It may not be the flight you’ve longed for during lockdown, but amid the gloom a hot air balloon trip is a brilliant way to lift your spirits.
Summer and autumn are the perfect seasons to take off, and there’s a fantastic choice available with more than 100 launch sites around the UK.
While James Bond used a hot air balloon decorated with the Union Jack to swoop in on an evil mastermind in Octopussy, adrenaline-lovers can use one to spy on London landmarks such as Big Ben, Tower Bridge, Buckingham Palace and even the MI5 HQ.
Rise to the occasion: Balloons fly over Bristol’s Clifton suspension bridge during the Bristol International Balloon Fiesta, which has been held in the city almost annually since 1979
It makes the capital one of the most enthralling destinations to encounter from above – just as long as you don’t get too close to The Shard… However, strict weather and wind-speed criteria mean the cancellation of flights over London can be frustratingly common, while air traffic restrictions mean they are allowed only on weekday mornings shortly after dawn (adventureballoons.co.uk).
If a proposal is in the air, then nothing could be more romantic than floating over the perfect location with your heads in the clouds (literally, if you go high enough). You can plan every detail, such as requesting your own song (Fly Me To The Moon?), a bottle of bubbly to be brought out if all goes well and, to celebrate your engagement when you come back down to earth, a champagne breakfast or romantic dinner.
Champagne balloon flights are now a popular way to toast an anniversary or landmark birthday, but in days gone by, French aristocrats carried fizz to use as a peace offering to appease any disgruntled farmers whose crops they often crash-landed in.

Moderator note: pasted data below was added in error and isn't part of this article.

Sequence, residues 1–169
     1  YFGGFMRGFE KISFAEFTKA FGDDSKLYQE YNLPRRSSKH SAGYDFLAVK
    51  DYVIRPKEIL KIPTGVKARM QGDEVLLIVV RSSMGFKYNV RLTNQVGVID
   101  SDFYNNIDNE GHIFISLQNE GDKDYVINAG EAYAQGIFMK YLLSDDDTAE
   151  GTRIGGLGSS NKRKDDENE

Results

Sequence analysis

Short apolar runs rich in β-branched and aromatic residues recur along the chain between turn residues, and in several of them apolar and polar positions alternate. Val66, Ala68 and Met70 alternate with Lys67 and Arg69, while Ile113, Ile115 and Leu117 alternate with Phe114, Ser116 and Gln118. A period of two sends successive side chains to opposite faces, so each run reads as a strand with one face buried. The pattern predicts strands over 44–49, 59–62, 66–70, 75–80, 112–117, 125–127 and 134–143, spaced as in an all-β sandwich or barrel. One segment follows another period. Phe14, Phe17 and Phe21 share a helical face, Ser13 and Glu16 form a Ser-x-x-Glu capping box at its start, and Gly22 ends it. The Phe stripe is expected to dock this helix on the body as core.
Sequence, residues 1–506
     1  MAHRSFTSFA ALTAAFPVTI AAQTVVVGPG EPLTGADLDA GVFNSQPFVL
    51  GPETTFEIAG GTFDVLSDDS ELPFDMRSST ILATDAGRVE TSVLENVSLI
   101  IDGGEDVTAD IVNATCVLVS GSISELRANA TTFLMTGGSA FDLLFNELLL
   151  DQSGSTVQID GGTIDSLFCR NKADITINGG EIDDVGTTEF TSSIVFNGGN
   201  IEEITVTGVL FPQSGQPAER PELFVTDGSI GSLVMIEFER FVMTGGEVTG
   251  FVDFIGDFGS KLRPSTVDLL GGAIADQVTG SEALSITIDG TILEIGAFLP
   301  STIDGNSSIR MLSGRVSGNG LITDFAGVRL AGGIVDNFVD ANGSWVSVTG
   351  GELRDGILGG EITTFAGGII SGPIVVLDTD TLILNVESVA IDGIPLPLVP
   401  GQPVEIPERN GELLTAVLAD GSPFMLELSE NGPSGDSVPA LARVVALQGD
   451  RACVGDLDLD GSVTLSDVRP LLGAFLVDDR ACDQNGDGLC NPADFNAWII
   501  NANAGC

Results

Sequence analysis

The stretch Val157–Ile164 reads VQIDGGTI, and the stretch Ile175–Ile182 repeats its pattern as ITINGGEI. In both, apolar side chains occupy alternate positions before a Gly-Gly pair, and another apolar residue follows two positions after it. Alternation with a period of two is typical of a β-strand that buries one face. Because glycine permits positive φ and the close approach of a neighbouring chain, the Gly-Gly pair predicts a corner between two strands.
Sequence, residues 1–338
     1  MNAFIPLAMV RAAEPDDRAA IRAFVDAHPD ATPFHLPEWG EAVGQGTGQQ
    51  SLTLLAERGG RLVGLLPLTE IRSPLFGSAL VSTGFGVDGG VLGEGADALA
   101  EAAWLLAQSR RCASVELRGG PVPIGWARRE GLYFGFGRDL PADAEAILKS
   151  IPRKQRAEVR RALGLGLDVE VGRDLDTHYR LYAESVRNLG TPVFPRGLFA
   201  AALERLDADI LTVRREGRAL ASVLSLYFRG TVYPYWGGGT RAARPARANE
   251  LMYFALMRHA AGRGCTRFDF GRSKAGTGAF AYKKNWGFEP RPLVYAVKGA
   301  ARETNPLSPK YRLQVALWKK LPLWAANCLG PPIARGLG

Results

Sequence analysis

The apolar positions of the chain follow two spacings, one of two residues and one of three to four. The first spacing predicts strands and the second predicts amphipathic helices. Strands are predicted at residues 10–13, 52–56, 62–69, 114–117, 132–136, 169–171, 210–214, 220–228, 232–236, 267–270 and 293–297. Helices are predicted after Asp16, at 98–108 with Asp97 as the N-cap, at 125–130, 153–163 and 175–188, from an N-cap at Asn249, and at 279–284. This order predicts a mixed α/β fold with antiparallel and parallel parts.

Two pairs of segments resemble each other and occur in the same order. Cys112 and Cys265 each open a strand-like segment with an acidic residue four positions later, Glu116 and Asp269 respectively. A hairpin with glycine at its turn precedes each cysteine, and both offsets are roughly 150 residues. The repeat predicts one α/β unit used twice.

The Bristol International Balloon Fiesta, which attracts more than 130 hot air balloons from around the world, will return to Ashton Court from August 12 to 15
The annual Yorkshire Balloon Fiesta, which will be held at York Racecourse from August 27 to 30, will feature balloons of all shapes and sizes
With Virgin Balloon Flights you can soar over the Lake District
But whether you want a flight à deux or would prefer to rise to the occasion with a party for up to 16 (Covid and age restrictions apply), there are baskets to suit from a venue near you (ballooning.co.uk).
York is already one of the most magical destinations to float above thanks to its city walls, historic Minster, former chocolate factories and boats on the River Ouse (yorkshireballoonflights.co.uk), but the annual Yorkshire Balloon Fiesta takes it to a whole new level.
Held at York Racecourse from August 27 to 30, it will feature balloons of all shapes and sizes, including cartoon characters, along with a funfair, live music and family entertainment.
This year promises to be the biggest and brightest yet, with the Balloon Night Glow followed by a new firework, drone and laser show (yorkshireballoonfiesta.co.uk). Bristol has put hot air ballooning on the map more than anywhere else in Britain.
In 1967, Bristol Belle, the first modern hot air balloon, soared off on its maiden flight from the city, while Bristol International Balloon Fiesta, Europe’s largest balloon festival, has also been held here almost annually since 1979.
This year the free event, which attracts more than 130 hot air balloons from around the world, will return to Ashton Court from August 12 to 15. The spectacular mass ascents at dawn and dusk offer a particularly memorable experience (bristolballoonfiesta.co.uk).
Eye-catching landmarks in the area include Brunel’s Clifton Suspension Bridge spanning the Avon Gorge, the Bristol Channel, Avebury standing stones and spotting Wales to the north and the Mendips to the south. Specialists in the region worth trying include Bailey Balloons, Bristol Balloons and Elite Air.
But here is perhaps the perfect Father’s Day treat. Hop on a balloon ride over Kent from a launch site at Hop Farm Country Park near Tunbridge Wells – home to the world’s largest collection of distinctive Victorian oast houses that were used in the ale industry during the 19th and 20th Centuries. You can drink in aerial views of the rolling fields around Hop Farm, as well as vineyards at nearby wineries and the apple orchards at cider-makers.
From such a refreshing vantage point, it is easy to see why glorious Kent is nicknamed the Garden of England. You can even fly in a Spitfire Kentish Ale balloon and perhaps toast your journey with a pint rather than traditional bubbly (kentballooning.com).